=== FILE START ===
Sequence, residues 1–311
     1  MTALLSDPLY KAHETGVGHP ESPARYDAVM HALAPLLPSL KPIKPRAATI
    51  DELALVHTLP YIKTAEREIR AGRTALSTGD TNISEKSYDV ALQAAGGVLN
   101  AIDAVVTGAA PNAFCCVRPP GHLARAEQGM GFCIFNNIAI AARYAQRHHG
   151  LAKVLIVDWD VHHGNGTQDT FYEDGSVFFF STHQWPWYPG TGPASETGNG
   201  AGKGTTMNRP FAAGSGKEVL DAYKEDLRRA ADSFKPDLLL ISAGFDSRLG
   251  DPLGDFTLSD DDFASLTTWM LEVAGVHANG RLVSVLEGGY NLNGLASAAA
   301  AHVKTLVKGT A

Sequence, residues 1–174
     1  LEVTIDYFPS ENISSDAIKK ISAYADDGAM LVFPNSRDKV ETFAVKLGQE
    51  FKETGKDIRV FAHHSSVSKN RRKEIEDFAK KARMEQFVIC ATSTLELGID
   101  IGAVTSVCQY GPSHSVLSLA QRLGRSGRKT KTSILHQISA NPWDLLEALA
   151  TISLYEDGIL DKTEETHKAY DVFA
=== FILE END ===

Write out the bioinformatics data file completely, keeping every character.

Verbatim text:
Sequence, residues 1–311
     1  MTALLSDPLY KAHETGVGHP ESPARYDAVM HALAPLLPSL KPIKPRAATI
    51  DELALVHTLP YIKTAEREIR AGRTALSTGD TNISEKSYDV ALQAAGGVLN
   101  AIDAVVTGAA PNAFCCVRPP GHLARAEQGM GFCIFNNIAI AARYAQRHHG
   151  LAKVLIVDWD VHHGNGTQDT FYEDGSVFFF STHQWPWYPG TGPASETGNG
   201  AGKGTTMNRP FAAGSGKEVL DAYKEDLRRA ADSFKPDLLL ISAGFDSRLG
   251  DPLGDFTLSD DDFASLTTWM LEVAGVHANG RLVSVLEGGY NLNGLASAAA
   301  AHVKTLVKGT A

Sequence, residues 1–174
     1  LEVTIDYFPS ENISSDAIKK ISAYADDGAM LVFPNSRDKV ETFAVKLGQE
    51  FKETGKDIRV FAHHSSVSKN RRKEIEDFAK KARMEQFVIC ATSTLELGID
   101  IGAVTSVCQY GPSHSVLSLA QRLGRSGRKT KTSILHQISA NPWDLLEALA
   151  TISLYEDGIL DKTEETHKAY DVFA